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Allison K. Allen, Matthew T. Jacobs, Nicolas Davidenko; Subjective control of polystable illusory apparent motion: Is control possible when the stimulus affords countless motion possibilities?. Journal of Vision 2022;22(7):5. doi: https://doi.org/10.1167/jov.22.7.5.
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© ARVO (1962-2015); The Authors (2016-present)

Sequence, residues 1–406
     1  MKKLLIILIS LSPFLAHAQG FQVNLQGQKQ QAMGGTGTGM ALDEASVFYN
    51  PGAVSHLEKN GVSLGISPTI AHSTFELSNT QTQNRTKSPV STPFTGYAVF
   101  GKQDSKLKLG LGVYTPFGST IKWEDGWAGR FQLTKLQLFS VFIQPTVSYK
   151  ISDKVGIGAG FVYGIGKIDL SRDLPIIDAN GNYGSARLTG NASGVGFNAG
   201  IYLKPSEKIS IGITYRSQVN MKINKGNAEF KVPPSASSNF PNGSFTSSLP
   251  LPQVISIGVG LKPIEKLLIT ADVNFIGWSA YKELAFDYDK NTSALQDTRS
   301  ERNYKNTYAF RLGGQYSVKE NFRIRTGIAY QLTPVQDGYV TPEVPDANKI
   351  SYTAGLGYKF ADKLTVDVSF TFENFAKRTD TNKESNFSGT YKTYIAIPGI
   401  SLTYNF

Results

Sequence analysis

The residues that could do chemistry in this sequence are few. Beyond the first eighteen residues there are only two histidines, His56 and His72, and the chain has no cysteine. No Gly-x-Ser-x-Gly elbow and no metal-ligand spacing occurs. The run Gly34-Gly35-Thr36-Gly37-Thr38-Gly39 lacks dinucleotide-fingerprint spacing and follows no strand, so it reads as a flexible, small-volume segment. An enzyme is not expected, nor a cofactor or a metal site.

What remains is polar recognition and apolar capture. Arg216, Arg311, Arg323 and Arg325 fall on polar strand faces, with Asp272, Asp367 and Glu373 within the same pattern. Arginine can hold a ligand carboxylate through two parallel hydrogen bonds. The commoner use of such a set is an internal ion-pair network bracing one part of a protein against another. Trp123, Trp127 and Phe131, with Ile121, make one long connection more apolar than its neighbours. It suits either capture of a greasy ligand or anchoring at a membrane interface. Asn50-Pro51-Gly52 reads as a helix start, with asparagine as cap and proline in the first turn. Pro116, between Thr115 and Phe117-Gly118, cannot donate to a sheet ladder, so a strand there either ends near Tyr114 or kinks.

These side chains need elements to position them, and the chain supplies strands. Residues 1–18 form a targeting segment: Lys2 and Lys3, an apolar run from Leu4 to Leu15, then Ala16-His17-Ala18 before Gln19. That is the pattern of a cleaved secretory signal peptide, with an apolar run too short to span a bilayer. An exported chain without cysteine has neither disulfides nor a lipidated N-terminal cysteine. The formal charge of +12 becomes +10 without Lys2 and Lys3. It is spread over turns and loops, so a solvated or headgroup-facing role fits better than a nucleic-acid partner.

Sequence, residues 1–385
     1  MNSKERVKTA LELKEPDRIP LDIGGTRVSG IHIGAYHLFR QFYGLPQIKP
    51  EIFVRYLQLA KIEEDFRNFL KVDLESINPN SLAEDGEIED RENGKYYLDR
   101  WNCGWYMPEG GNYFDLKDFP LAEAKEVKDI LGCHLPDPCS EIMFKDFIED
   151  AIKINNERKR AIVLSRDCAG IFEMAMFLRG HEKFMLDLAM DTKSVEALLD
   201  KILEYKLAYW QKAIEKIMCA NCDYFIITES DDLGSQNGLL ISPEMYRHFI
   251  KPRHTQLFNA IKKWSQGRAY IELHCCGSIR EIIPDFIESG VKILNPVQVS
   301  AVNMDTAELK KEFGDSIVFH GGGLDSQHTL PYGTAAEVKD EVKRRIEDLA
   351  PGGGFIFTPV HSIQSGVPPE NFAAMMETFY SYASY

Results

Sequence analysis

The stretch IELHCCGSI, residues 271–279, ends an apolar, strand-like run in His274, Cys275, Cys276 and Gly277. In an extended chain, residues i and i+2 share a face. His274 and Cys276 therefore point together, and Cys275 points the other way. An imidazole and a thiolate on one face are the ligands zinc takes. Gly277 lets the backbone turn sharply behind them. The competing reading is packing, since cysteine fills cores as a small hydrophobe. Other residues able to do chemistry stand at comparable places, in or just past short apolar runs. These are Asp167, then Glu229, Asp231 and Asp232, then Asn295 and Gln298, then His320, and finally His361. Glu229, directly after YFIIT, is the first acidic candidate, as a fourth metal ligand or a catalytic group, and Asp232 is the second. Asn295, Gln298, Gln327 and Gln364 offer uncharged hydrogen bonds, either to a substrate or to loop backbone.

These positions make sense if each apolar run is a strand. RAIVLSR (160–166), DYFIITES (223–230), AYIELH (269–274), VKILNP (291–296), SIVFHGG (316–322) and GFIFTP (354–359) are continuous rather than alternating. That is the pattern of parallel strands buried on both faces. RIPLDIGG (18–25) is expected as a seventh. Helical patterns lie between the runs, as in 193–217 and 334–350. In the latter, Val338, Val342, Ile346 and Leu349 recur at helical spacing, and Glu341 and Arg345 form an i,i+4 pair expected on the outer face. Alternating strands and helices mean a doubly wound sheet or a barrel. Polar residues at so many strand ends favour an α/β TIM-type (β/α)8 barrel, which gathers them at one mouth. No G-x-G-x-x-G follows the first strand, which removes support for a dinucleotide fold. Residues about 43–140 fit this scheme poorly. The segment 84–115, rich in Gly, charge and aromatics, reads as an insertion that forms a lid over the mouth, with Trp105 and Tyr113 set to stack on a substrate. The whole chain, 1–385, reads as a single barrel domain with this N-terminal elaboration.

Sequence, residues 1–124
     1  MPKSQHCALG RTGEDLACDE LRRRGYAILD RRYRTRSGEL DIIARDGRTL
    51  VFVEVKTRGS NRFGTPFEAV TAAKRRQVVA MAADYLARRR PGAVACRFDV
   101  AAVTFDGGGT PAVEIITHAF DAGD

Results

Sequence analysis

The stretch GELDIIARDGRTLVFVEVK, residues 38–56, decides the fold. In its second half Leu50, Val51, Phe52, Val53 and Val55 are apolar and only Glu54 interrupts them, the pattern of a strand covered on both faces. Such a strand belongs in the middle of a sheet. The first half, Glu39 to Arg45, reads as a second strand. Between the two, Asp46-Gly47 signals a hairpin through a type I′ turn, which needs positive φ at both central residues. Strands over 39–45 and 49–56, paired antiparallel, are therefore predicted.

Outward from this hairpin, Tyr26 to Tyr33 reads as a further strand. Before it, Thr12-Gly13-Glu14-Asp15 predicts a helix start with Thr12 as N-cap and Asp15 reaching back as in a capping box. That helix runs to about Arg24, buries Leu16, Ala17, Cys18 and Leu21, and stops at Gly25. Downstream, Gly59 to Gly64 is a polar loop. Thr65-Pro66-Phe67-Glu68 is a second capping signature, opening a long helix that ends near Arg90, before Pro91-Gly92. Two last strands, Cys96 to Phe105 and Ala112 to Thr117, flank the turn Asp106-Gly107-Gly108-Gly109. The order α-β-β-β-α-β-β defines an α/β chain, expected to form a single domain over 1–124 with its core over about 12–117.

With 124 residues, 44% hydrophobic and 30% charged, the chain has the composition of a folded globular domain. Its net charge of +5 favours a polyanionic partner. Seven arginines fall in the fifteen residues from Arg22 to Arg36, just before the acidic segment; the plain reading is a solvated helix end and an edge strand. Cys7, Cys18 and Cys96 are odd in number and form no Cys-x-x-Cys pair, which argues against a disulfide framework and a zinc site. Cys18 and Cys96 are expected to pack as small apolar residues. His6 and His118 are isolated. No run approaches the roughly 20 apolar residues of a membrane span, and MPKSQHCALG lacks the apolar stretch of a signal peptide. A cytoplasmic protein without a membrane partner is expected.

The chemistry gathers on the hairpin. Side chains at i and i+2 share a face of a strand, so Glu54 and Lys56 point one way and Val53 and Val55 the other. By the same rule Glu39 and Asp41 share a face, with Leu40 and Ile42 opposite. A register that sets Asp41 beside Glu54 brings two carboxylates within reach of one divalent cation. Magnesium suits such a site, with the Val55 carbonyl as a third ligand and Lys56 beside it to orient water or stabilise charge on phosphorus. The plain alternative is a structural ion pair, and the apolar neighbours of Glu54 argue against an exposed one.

We investigate whether a new polystable illusion, illusory apparent motion (IAM), is susceptible to subjective perceptual control as has been shown in other polystable stimuli (e.g., the Necker cube, apparent motion quartets). Previous research has demonstrated that, although IAM shares some properties in common with other polystable stimuli, it also has some unique ones that make it unclear whether it should have similar susceptibility to subjective control. For example, IAM can be perceived in a countless number of directions and motion patterns (e.g., up–down, left–left, contracting–expanding, shear, diagonal). To explore perceptual control of IAM, in experiment 1 (n = 99) we used a motion persistence paradigm where participants are primed with different motion patterns and are instructed to control (change or hold) the initial motion pattern and indicate when the motion pattern changes. Building on experiment 1, experiment 2 (n = 76) brings the method more in line with previous subjective control research, testing whether participants can control their perception of IAM in a context without priming and while dynamically reporting their percepts throughout the trial. Findings from the two experiments demonstrate that participants were able to control their perception of IAM across paradigms. We explore the implications of these findings, strategies reported, and open questions for future research.
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